Sunday, December 21, 2008

If Pelosi "wears the pants," Obama is screwed

By Rick Morris

Politico has reported that House Speaker Nancy Pelosi has informed new Obama Administration enforcer Rahm Emanuel that she is not going to be "triangulated." That reference appears to be invoking the Clinton era, when Bubba tried to position himself as more centrist than the Congressional Republicans and Democrats who were jousting over legislation. Clearly, San Fran Nan doesn't want a repeat of those days, with Barack Obama looking moderate at her expense and selling out their precious "progressive values."

Well, Emanuel is supposedly a tough guy who was brought in to help rein in the large Democratic majorities and help get bills passed on Obama's terms, so notwithstanding his climb through the ranks under Pelosi in the House, it's hard to believe that he was cowed by her threats.

As an ideologue on the other side, I'm more than a bit amused by this intramural squabbling. But as a student of history, I'm equally intrigued by what lessons have been drawn from the recent past.

In 1977, Jimmy Carter assumed the presidency after having run against Washington D.C. during the campaign. He came in with huge majorities in both houses of Congress, but party loyalty played little role in how the executives and legislators conducted themselves -- the struggle for primacy on both ends of Pennsylvania Avenue concluded almost inevitably in Ted Kennedy challenging the prez for reelection. Carter's inability to get along with Bob Byrd and Tip O'Neill doomed him to one term just as surely as the Iran hostage situation and brutal economic mismanagement.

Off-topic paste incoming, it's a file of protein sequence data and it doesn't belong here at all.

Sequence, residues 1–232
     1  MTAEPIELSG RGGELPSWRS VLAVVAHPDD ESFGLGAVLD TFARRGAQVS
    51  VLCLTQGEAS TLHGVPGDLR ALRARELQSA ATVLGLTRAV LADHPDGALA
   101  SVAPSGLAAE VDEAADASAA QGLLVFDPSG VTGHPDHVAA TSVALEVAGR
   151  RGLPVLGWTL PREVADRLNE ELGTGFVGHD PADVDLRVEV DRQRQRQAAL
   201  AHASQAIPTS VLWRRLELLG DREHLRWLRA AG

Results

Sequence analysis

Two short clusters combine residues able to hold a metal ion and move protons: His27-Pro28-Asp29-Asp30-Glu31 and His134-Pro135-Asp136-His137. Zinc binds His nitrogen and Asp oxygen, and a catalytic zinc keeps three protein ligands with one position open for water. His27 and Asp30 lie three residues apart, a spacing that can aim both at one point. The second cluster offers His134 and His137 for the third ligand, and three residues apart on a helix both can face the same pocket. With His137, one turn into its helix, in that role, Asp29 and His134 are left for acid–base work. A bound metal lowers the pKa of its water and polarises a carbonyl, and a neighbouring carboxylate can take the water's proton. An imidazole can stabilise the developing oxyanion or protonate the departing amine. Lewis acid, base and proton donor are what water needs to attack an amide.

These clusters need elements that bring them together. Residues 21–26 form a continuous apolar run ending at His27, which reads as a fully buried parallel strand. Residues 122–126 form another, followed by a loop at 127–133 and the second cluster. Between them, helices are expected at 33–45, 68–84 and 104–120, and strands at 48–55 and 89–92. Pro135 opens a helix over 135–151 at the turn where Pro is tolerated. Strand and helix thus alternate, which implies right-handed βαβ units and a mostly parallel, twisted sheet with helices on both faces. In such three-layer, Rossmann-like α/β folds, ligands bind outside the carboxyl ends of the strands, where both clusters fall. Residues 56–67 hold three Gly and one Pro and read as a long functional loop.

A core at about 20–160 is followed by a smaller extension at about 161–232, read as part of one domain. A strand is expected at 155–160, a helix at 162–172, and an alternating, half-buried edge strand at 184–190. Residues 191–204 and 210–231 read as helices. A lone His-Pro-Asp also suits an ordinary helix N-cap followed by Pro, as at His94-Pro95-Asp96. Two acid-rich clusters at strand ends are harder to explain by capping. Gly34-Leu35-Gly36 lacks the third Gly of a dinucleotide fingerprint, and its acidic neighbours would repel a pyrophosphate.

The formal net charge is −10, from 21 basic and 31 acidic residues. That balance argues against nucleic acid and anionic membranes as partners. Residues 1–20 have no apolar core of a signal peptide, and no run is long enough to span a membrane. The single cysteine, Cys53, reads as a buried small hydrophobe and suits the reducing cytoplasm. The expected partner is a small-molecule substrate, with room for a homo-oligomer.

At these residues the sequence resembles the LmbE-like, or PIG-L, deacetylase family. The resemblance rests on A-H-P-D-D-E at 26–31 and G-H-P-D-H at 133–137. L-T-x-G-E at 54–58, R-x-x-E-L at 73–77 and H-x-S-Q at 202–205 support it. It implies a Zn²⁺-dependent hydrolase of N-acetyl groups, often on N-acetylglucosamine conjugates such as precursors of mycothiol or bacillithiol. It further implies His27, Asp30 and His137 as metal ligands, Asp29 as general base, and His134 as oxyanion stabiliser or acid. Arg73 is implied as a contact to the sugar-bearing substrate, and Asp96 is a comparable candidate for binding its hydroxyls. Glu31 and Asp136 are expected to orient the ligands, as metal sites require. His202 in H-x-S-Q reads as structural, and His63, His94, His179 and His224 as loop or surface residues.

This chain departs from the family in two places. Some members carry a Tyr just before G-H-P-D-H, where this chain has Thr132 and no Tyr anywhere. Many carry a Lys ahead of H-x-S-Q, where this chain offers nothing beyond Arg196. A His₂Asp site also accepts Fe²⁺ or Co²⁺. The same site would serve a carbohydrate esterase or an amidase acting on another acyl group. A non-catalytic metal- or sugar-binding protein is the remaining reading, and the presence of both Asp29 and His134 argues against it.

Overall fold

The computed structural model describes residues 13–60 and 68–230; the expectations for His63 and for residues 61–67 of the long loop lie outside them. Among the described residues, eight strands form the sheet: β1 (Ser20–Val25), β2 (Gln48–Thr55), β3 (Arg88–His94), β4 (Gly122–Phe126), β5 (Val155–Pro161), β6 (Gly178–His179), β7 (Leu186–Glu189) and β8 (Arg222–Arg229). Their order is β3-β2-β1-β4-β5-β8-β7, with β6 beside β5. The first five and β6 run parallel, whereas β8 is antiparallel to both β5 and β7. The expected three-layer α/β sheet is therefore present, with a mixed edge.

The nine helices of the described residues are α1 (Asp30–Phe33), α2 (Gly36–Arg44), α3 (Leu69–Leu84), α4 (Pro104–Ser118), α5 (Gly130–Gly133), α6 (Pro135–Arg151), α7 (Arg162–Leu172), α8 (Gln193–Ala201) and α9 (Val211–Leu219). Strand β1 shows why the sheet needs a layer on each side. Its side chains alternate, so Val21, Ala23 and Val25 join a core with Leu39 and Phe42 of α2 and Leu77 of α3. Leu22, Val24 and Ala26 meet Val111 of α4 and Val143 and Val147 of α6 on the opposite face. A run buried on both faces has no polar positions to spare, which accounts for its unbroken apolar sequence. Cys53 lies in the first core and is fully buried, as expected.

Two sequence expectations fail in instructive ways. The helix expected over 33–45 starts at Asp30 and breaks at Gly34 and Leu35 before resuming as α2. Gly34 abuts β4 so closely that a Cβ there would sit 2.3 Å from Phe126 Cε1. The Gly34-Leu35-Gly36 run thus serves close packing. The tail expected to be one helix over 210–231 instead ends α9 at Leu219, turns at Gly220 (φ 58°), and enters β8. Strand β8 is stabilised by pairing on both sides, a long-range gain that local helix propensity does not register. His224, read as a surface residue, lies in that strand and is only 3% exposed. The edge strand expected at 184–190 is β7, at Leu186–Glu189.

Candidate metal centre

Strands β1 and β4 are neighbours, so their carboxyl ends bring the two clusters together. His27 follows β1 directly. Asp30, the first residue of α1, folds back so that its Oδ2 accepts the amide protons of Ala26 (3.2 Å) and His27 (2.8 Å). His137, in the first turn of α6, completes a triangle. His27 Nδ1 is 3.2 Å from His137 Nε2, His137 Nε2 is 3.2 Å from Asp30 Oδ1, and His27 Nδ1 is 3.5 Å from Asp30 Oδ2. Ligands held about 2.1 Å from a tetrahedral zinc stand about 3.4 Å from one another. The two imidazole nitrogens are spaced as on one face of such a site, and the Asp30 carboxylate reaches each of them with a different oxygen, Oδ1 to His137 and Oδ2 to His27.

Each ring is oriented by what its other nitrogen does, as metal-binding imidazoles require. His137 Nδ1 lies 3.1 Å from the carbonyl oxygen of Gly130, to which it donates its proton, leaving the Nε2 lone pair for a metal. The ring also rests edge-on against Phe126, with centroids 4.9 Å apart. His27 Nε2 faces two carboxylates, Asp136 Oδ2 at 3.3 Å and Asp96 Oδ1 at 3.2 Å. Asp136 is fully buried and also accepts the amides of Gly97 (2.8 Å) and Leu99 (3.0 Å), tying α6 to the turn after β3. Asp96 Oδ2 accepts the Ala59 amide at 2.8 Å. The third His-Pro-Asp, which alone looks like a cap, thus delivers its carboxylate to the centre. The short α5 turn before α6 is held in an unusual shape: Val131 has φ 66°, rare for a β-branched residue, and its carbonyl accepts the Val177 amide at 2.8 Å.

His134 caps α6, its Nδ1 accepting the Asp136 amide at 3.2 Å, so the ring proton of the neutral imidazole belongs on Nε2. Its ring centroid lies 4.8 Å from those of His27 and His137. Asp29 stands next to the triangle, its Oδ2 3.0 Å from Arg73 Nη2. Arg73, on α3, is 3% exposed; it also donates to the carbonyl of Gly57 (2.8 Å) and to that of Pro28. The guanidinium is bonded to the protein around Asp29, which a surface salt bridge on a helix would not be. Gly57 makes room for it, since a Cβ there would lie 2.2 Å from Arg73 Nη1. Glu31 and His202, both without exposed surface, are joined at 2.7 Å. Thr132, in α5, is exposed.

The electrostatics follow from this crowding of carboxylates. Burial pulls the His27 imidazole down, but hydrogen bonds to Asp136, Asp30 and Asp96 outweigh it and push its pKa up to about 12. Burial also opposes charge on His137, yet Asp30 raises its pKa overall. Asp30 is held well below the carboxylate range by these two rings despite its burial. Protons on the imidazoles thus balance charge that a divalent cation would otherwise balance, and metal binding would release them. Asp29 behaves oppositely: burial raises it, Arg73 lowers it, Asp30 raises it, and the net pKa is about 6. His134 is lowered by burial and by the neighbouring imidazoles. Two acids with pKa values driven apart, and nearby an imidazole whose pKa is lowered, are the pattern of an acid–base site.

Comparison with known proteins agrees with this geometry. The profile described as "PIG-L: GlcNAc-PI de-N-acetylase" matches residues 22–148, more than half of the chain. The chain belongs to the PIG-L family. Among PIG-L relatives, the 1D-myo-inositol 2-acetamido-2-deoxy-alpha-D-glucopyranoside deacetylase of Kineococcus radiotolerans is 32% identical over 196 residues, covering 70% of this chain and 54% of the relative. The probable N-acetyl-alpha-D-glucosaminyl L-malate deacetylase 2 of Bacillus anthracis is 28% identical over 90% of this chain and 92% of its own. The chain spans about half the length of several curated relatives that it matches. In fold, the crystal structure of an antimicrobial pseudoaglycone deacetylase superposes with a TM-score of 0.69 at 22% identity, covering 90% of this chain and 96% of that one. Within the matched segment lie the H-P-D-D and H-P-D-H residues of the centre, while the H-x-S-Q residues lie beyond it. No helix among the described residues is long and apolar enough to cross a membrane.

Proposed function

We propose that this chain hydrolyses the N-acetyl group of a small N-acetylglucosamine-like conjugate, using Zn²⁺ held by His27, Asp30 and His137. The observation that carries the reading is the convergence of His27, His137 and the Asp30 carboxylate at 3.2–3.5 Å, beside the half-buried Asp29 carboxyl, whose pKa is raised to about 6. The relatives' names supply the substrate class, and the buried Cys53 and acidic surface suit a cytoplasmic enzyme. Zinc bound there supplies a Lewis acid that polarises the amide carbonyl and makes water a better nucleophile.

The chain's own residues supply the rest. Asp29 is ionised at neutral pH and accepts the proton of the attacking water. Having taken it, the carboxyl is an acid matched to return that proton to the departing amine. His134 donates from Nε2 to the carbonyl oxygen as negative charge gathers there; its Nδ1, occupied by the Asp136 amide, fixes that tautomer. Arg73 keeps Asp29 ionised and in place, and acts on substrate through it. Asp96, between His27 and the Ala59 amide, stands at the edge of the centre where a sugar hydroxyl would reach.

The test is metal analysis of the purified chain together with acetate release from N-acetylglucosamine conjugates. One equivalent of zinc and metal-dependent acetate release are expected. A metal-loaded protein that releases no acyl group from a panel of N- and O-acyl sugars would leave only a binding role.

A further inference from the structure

Sixteen years after Carter came to office, Bill Clinton took over after a campaign of his own that bashed D.C., but he put that rhetoric aside almost immediately. His immediate toadying to Congressional barons poisoned his image and led straight to the GOP takeover of both chambers in 1994. From there, he switched to triangulation as a means of survival, at least until a gullible public boosted his popularity to new heights when he posed as a victim after being caught lying under oath years later.

So Carter started his (only) term as confrontational and stayed in that mode, paying a steep price. Clinton overcompensated in his read of history, only to swing back to a middle path when that proved to be a disaster.

Pelosi is now laying down the law to the Obama team, insisting that she will fight any move to cut moderate deals to move legislation. Govern from the hard left or not at all, she is saying. I have maintained all along that Obama is smarter than many around him, as his transition is proving thus far. He knows that following Pelosi off the left-wing cliff will doom him -- and you can ask the "Right Reverend Wright" what happens to those who become inconvenient to him. For all the hullaballoo about whether Obama has what it takes to stand up to international tyrants, an equally important question for his political future will be whether he can stand up to NoCal Nancy.

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